Last week the Library of Congress held a seminar on Andrew Carnegie‘s legacy of establishing public libraries in the United States and other countries, beginning in the late 19th century.
About 1,600 were built in the United States. One of them is at Mount Vernon Square in Washington. Today it houses the Historical Society of Washington, D.C., and affiliated Kiplinger Research Library, where I found useful information for my biography of Eliza Scidmore.
At a reception there this month, I met up with Stephen H. Grant, a fellow member of the Washington Biography Group. He’s writing a book on Emily and Henry Folger, who created the Folger Shakespeare Library on Capitol Hill. Steve wrote the lead article in the latest issue of the historical society’s journal.
‘Dean’ of Science in Washington
An interesting link to my own book project is that one of the founders of the Columbian Historical Society, the precursor of the D.C. Historical Society, was Gardiner Greene Hubbard.
A wealthy lawyer and businessman, Hubbard came to be regarded as a “dean of science” in Washington for supporting a wide range of scientific enterprise.
Most successfully, he backed the experiments that led to Alexander Graham Bell’s invention of the telephone. Hubbard also became Bell’s father-in-law when the young scientist married Hubbard’s daughter Mabel.
Hubbard and Bell were both co-founders of the National Geographic Society. Eliza Scidmore became a member in 1890, and some of my research suggests Hubbard may have been an important mentor — and perhaps father figure — to her.
Scidmore’s pioneering travels in Alaska undoubtedly won Hubbard’s admiration, as he himself had a keen interest in Alaska.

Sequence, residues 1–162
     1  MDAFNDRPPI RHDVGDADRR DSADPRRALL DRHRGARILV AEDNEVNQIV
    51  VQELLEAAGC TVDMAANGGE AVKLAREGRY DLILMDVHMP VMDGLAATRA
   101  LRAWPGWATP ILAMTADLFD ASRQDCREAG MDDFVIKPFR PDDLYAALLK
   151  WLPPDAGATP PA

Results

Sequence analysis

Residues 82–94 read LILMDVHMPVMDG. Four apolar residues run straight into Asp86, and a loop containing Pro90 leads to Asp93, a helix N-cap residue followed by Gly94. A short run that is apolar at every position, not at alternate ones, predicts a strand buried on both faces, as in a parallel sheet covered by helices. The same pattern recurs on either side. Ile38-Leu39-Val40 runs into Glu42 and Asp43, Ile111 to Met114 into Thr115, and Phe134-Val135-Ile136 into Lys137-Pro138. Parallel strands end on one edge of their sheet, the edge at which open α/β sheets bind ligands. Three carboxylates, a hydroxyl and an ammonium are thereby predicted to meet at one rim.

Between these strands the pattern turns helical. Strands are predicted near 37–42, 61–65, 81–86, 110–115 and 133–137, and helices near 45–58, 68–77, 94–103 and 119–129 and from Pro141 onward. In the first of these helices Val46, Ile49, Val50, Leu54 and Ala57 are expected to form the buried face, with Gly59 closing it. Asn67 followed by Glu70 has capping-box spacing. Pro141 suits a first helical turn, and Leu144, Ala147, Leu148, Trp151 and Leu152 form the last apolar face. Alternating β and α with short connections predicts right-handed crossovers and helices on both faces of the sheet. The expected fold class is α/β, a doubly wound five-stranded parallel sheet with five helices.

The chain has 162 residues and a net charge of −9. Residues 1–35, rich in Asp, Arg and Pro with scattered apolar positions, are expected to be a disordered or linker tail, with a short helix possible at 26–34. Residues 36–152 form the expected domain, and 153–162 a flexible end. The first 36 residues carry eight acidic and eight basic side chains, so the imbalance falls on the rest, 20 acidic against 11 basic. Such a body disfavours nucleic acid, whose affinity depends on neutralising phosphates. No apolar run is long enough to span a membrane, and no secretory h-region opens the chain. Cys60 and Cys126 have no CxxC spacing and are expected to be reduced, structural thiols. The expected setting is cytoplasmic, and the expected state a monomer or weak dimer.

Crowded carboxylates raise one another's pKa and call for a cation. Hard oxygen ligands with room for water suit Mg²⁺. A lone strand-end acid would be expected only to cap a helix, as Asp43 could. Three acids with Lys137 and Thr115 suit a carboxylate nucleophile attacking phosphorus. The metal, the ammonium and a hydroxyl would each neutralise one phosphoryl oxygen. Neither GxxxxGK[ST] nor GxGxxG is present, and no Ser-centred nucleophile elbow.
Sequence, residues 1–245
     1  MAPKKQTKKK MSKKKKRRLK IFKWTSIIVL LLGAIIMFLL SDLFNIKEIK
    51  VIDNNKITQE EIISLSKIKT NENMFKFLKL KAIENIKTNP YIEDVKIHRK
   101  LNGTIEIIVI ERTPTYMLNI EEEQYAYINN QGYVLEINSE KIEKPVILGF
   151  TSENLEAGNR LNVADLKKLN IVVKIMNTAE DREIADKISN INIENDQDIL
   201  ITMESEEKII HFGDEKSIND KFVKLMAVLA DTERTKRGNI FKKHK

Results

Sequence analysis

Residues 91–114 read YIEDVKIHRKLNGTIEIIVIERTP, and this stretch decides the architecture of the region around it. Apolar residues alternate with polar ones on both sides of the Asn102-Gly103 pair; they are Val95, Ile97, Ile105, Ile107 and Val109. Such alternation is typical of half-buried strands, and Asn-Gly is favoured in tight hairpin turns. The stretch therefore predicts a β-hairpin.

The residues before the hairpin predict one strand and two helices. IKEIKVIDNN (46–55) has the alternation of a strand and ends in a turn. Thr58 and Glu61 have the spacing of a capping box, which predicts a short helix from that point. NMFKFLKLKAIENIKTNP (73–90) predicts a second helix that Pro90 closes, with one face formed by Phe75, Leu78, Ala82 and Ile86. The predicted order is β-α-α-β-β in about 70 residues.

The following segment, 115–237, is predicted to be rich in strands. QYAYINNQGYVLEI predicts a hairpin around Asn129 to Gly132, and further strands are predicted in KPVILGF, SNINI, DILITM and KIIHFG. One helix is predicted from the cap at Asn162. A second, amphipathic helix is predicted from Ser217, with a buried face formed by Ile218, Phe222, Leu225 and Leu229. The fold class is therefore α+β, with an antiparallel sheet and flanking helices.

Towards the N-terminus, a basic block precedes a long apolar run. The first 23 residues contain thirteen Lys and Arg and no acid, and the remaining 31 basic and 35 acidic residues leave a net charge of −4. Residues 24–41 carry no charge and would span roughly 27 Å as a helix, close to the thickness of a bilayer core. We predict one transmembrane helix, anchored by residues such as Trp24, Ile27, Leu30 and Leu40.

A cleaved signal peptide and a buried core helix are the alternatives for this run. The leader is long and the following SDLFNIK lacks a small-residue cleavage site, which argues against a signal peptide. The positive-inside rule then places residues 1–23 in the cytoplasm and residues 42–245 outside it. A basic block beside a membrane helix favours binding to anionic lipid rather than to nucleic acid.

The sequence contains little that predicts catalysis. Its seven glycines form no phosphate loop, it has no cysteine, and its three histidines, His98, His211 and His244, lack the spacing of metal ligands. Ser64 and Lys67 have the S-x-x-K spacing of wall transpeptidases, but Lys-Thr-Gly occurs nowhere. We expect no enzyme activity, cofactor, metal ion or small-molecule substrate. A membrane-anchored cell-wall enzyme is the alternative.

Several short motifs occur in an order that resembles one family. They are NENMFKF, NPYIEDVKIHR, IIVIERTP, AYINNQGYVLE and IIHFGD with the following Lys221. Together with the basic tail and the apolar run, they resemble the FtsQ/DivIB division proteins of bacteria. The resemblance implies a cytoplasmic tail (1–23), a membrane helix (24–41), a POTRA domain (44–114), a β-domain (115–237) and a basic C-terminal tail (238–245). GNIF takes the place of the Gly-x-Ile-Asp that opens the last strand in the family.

Hubbard’s backing may help explain Scidmore’s election to the National Geographic’s board of managers, the only woman among its leadership. Later, she traveled to Europe with Hubbard and other colleagues representing National Geographic at international conferences.
System of Free Libraries
The Carnegie Library in Washington and similar institutions around the country grew from Andrew Carnegie’s belief in free access to libraries as an instrument of upward mobility. The motive came from his gratitude for access to lending libraries as a boy.
While growing up in Marietta, Ohio, I recall many references to our public library being a Carnegie library, though that had little meaning to me at the time.
Carnegie required communities to demonstrate their commitment to a library by providing the land and partial funding.
The Marietta public library was built in 1913 with the help of a $30,000 Carnegie grant. It stood — and still does — atop a mound of land on Fifth Street, a block away from the Catholic school my siblings and I attended.
Conveniently, we could stop in easily any time. And I did. I was the big reader in the family, and checked out a lot of books over the years. Books promised entree to other worlds. And I grew up assuming I would leave home to go and explore that world.
A few years ago, back in town visiting family, I stopped by the library. I found it newly renovated, and lively, with lots of patrons. An encouraging development.